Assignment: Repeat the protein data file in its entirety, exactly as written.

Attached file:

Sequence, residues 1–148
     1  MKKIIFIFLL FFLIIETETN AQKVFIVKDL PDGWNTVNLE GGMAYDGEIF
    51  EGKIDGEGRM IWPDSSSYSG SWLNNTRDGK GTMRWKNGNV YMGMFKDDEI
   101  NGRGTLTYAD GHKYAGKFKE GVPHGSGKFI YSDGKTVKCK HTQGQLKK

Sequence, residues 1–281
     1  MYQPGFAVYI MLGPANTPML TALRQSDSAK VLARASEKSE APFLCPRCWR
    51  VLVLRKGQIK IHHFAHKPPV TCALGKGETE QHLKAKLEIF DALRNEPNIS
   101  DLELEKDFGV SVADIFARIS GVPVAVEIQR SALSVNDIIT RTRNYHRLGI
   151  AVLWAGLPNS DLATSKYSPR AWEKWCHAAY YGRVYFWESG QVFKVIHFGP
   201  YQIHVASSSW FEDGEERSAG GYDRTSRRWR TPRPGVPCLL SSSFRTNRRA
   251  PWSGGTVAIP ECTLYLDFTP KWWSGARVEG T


Sequence, residues 1–148
     1  MKKIIFIFLL FFLIIETETN AQKVFIVKDL PDGWNTVNLE GGMAYDGEIF
    51  EGKIDGEGRM IWPDSSSYSG SWLNNTRDGK GTMRWKNGNV YMGMFKDDEI
   101  NGRGTLTYAD GHKYAGKFKE GVPHGSGKFI YSDGKTVKCK HTQGQLKK

Sequence, residues 1–281
     1  MYQPGFAVYI MLGPANTPML TALRQSDSAK VLARASEKSE APFLCPRCWR
    51  VLVLRKGQIK IHHFAHKPPV TCALGKGETE QHLKAKLEIF DALRNEPNIS
   101  DLELEKDFGV SVADIFARIS GVPVAVEIQR SALSVNDIIT RTRNYHRLGI
   151  AVLWAGLPNS DLATSKYSPR AWEKWCHAAY YGRVYFWESG QVFKVIHFGP
   201  YQIHVASSSW FEDGEERSAG GYDRTSRRWR TPRPGVPCLL SSSFRTNRRA
   251  PWSGGTVAIP ECTLYLDFTP KWWSGARVEG T